Everyday gripes of a journal editor, part 53: gene or protein?

You can not be ser­i­ous – some sen­tences just don’t look right without italics

Confession time: one of the main reas­ons why I chose to study eco­logy all those years ago was in order to avoid what, to me, were twin peaks of incom­pre­hens­ib­il­ity – bio­chem­istry and genet­ics. I liked to be able to see what was going on: a plant’s growth, a leaf’s reac­tion to drought, or sto­matal responses to infec­tion were all fine, but when things got sub­cel­lu­lar the fog would des­cend and my mind would wander. So pity my poor chances of com­pre­hend­ing the molecu­lar bio­logy papers that cur­rently abound in the aver­age journal today; some­times I even struggle to work out whether the author is talk­ing about a gene or a pro­tein… and therein rests my gripe, because there is no reason at all why I should.

OK, con­ven­tions do vary a bit from journal to journal, but at a very basic level it seems gen­er­ally accep­ted that a gene name should be given in italic type whilst its pro­tein product is given in nor­mal (‘roman’) type. So increased expres­sion of the FLC gene will pro­duce increased amounts of the FLC pro­tein in the cell, a decrease in expres­sion of the MAF2 gene will res­ult in lower amounts of the MAF2 pro­tein. Of course the dis­tinc­tion isn’t needed when the words ‘gene’ and ‘pro­tein’ are present, but clearly you don’t want to repeat them dozens of times in every para­graph – so just use ital­ics instead (and no need to fumble for the ‘italic font’ but­ton: ‘Control + I’ will do the trick in a frac­tion of the time). And it’s worth being aware that if you don’t make use of ital­ics in your paper then someone else may do so on your behalf: I don’t know of any high-ranking journal that doesn’t carry out some form of edit­ing on accep­ted papers, and if you don’t make it clear what is a gene and what is a pro­tein then someone else may make a guess on your behalf – and not neces­sar­ily get it right, as illus­trated by the fol­low­ing sen­tence that appeared a few years ago in a paper on Arabidopsis: ‘After very long peri­ods of low tem­per­at­ure, how­ever, MAF2 levels decreased and a marked accel­er­a­tion of flower­ing occurred’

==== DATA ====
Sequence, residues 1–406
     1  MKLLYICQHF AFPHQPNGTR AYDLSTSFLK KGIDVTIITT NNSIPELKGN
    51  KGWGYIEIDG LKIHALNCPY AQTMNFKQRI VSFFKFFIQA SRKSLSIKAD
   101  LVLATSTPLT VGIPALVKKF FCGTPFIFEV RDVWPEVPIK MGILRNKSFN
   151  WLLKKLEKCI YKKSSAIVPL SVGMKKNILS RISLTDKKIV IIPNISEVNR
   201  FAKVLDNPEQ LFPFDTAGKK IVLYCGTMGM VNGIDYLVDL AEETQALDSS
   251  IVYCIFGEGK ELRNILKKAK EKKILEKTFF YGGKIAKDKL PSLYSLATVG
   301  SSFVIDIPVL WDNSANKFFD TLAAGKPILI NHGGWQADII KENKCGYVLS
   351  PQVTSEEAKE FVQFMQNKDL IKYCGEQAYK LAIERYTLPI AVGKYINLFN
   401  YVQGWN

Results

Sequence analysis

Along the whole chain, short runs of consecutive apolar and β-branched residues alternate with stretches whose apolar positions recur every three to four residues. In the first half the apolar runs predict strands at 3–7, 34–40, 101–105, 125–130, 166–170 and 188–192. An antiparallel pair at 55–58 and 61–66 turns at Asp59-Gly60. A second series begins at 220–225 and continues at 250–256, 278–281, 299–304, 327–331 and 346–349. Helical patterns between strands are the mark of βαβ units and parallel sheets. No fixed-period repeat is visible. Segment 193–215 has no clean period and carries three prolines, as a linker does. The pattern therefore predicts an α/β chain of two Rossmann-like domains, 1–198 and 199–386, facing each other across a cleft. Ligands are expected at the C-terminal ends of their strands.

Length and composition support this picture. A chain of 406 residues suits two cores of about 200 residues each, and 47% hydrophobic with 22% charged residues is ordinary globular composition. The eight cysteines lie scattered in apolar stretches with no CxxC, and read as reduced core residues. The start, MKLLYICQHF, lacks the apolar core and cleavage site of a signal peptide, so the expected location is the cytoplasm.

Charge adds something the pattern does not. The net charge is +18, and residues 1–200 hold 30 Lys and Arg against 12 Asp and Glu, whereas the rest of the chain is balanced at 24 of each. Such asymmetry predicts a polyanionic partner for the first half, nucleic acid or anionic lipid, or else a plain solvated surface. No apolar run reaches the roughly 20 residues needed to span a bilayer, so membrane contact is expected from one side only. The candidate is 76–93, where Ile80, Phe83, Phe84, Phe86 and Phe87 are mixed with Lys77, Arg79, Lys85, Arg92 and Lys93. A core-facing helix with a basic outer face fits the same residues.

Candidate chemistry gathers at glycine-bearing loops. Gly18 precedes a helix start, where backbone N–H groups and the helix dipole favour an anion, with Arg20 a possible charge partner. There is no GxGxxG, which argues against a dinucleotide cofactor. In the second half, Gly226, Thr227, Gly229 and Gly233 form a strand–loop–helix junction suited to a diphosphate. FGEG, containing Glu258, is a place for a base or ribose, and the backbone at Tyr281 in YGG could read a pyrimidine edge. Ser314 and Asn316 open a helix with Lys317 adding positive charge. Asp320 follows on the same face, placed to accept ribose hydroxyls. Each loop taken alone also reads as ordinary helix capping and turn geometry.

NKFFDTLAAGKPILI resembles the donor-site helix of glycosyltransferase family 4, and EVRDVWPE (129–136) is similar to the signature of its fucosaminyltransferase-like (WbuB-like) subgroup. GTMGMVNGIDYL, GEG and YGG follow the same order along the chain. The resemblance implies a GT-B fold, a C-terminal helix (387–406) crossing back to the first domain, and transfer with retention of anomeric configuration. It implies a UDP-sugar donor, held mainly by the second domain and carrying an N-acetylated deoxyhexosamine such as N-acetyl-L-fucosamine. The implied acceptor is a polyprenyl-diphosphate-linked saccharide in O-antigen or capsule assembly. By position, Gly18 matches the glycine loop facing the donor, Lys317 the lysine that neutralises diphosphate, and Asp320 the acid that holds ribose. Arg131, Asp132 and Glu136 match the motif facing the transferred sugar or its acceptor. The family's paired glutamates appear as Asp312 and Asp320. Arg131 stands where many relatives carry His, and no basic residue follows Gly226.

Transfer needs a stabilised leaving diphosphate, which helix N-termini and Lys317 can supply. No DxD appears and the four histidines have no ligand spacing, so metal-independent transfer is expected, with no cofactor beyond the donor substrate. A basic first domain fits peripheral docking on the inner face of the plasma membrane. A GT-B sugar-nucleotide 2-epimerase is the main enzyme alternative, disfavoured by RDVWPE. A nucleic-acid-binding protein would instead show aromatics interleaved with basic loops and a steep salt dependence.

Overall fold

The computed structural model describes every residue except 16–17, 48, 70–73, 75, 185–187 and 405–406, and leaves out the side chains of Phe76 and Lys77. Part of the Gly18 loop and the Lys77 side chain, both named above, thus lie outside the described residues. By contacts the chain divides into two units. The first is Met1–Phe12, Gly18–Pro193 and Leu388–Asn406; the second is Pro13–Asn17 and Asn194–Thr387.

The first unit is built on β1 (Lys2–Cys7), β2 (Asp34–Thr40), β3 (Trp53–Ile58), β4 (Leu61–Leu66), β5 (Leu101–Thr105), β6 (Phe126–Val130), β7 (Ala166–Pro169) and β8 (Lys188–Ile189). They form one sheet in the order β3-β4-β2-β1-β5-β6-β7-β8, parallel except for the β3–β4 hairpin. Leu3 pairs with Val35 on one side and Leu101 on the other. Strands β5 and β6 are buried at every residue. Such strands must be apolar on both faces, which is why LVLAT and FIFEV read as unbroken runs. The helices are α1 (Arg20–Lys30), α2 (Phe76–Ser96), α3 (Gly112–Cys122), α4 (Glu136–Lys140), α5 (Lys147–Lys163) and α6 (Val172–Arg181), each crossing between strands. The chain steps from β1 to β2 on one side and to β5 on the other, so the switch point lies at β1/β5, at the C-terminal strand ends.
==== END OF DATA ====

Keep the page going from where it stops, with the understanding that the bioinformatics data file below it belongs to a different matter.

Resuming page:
Now I’m only an eco­lo­gist, but I’m not sure the level of a gene can decrease, can it? But am I just being pedantic? In that example it’s pretty clear what is meant, and in terms of the over­all effects the gene and the pro­tein are almost syn­onym­ous – expres­sion levels of the MAF2 gene decrease so the level of the MAF2 pro­tein in the cell decreases, so what’s the prob­lem? Not much in that simple example, but what about a more com­plex sys­tem where the gene expres­sion increased but some other factor dis­rup­ted sub­sequent pro­duc­tion of the pro­tein caus­ing it to decrease, per­haps with sev­eral gene/protein sys­tems inter­act­ing – would your reader be able to fol­low it so eas­ily then?

Molecular bio­logy is com­plic­ated stuff, so when it comes to clar­ity every little helps.


Dave Frost is the Managing Editor of Annals of Botany. You can contact our Editorial Office at annalsbotany@le.ac.uk

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